The parties then negotiate a purchase price formula and a provisional purchase price in the abstract, which is calculated or adjusted in concrete terms after the relevant balance sheet is available based on the balance sheet values contained therein. Which purchase price formula is to be used as a basis is a matter of negotiation, and in this respect, there is no generally applicable procedure; the various methods are presented below.
In practice, agreement on the purchase price mechanism should be reached as early as possible, i.e., already in the preparatory documentation of the basic economic agreement in the letter of intent (LoI) or term sheet. Otherwise, there is a risk that the company acquisition will fail at this fundamental point after considerable time and costs have already been invested in the sales process.
2. Equity guarantee
A method that dominated in Germany, at least in the past, is the adjustment of the purchase price based on equity. Here, a fixed purchase price is first set based on already available balance sheets. This is then adjusted later by how the equity capital determined in the final decisive balance sheet is higher or lower. The seller thus provides an “equity guarantee” on the fixed purchase price. This method is rarely used today, especially in transactions involving private equity investors.
3. Cash-free – Debt-free
A purchase price adjustment under the keyword “cash-free – debt-free” is usually only useful in larger corporate transactions, as it is typically costly and complex. The company is treated as if it had neither cash (“cash-free”) nor debt (“debt-free”). The company’s value is then regularly determined based on a so-called “discounted cash flow” or “DCF” method or based on an income capitalisation approach recognised by international accounting standards.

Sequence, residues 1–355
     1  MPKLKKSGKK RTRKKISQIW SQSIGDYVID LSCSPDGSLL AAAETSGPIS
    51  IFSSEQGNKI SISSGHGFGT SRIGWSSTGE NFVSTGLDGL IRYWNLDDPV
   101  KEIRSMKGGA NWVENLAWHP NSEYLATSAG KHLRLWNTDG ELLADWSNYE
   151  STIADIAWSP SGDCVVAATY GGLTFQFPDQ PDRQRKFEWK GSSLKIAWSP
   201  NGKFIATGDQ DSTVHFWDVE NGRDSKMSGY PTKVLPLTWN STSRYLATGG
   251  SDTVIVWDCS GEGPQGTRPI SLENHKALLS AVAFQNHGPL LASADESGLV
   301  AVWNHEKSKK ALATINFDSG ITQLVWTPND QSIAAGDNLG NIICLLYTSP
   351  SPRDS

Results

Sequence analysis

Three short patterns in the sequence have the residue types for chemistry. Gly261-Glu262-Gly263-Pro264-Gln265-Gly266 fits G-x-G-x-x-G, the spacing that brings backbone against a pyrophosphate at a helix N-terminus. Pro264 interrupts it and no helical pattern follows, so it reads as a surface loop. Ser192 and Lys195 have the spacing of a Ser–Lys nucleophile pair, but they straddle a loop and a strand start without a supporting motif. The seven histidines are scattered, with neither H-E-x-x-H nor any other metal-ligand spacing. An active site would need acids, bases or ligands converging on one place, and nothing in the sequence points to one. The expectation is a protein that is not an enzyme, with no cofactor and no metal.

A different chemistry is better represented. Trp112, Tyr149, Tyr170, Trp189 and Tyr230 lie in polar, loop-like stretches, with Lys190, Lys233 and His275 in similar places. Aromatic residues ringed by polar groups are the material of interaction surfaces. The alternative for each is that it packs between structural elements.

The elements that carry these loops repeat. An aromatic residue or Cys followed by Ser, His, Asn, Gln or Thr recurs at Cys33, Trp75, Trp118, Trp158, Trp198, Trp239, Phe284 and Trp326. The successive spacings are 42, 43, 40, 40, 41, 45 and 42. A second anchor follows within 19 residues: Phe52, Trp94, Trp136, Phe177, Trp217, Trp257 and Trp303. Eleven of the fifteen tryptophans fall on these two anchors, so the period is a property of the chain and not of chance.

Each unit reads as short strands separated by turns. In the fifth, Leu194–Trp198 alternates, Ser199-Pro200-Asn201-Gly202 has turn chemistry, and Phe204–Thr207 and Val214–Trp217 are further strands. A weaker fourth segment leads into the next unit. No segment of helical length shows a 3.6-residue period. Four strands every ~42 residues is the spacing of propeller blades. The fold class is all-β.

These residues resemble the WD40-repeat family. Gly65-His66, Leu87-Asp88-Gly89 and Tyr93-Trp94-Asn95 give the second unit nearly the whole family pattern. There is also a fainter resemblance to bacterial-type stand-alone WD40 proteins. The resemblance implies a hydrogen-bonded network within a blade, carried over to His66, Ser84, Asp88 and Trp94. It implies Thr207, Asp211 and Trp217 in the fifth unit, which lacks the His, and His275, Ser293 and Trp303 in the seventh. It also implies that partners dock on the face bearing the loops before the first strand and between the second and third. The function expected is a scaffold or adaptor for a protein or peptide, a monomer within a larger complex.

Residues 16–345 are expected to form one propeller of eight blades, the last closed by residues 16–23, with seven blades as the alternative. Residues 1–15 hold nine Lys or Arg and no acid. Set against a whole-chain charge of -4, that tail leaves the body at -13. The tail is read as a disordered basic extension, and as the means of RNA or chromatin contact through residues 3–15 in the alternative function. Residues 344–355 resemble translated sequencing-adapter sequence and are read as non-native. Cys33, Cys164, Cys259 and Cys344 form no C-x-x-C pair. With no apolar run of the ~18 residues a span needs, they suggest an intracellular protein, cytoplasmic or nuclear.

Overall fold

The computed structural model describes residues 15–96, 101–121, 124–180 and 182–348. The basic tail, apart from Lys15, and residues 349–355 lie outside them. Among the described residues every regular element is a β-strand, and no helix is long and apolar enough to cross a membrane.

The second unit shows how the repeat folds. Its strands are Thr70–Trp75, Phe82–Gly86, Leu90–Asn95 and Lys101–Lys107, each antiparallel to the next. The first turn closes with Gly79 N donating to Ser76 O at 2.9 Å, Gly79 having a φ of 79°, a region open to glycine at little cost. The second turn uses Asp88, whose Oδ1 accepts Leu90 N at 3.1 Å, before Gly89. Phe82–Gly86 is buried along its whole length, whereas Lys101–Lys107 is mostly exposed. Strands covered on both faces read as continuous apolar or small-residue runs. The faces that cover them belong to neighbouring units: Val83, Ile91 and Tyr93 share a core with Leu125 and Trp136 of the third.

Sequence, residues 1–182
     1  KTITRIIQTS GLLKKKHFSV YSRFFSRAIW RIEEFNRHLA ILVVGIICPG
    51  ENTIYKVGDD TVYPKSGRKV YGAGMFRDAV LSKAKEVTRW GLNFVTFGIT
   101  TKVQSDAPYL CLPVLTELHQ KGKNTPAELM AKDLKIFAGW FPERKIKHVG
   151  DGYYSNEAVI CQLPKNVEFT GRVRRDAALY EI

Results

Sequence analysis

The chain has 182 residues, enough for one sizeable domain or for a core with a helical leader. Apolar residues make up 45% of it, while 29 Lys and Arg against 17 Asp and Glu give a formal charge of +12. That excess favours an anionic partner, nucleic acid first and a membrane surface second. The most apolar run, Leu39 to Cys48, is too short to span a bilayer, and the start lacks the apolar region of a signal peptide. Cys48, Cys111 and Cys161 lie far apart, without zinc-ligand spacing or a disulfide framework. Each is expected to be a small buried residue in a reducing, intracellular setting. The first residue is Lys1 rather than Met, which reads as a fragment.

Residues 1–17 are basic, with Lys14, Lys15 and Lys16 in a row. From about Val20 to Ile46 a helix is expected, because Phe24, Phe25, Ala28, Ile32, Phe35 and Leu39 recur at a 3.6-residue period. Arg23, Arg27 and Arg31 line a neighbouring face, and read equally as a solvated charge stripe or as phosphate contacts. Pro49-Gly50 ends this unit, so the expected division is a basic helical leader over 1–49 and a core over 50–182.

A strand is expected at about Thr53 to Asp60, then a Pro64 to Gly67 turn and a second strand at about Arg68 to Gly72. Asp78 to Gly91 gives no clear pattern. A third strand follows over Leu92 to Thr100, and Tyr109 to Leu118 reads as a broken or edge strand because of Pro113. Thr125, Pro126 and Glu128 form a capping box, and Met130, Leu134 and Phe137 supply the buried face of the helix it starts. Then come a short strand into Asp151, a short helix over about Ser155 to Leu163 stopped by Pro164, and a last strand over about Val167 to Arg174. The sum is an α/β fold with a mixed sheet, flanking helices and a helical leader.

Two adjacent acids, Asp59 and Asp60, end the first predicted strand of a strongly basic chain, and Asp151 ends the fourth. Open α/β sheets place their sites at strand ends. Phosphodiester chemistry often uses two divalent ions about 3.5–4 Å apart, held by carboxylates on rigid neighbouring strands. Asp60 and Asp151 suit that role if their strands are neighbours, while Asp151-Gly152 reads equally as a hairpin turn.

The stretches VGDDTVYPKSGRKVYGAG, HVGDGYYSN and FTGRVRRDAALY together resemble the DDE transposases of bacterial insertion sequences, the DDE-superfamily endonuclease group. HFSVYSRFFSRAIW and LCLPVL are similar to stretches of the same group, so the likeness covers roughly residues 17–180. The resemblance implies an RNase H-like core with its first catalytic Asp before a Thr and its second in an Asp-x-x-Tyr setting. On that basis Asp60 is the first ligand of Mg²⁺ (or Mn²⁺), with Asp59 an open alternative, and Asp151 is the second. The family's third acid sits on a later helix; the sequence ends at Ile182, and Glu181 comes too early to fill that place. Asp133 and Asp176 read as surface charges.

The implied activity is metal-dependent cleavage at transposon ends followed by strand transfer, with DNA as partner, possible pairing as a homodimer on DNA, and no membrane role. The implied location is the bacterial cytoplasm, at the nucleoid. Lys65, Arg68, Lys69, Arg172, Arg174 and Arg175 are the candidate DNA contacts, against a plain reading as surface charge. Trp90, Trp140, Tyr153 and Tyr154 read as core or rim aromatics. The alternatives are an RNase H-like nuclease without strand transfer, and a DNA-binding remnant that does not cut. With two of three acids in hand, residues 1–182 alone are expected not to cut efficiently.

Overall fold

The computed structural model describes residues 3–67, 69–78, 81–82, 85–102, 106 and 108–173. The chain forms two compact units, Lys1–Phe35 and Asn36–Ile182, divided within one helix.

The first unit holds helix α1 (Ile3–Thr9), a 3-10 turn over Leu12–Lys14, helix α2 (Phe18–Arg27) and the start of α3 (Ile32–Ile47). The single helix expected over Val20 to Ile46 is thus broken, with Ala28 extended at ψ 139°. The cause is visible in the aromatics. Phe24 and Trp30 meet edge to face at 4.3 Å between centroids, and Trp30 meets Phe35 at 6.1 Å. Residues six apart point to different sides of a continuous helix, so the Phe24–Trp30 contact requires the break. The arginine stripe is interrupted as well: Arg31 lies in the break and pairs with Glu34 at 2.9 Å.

The assumptions “cash-free – debt-free” are intended to help neutralise the influence of the different characteristics of each company’s liquidity and financing situation. Any manipulation by the seller at the expense of the buyer is then regularly prevented by a contractually stipulated adjustment of the purchase price in relation to the change in net working capital (so-called “working capital adjustments”). Thus, the seller should not be able to “artificially” increase cash with an effect on the purchase price, such as delayed payments from suppliers or the sale of customer receivables by way of factoring. In this respect, many circumstances have to be considered during the purchase contract negotiations, and their treatment has to be stipulated contractually. The resulting complexity is regularly not justifiable for smaller to medium-sized company sales so that a purchase price adjustment on this basis is ruled out.
4. Earn-out – the variable purchase price
A variable purchase price adjustment using “earn-out” clauses can help to reconcile different price expectations of a seller and buyer in a company acquisition. The purchase price is then made up of a fixed and a variable part. However, the variable part must first be earned. Otherwise, it is cancelled without replacement. This is particularly applicable in situations where the selling entrepreneur remains connected to the company, such as managing director or consultant.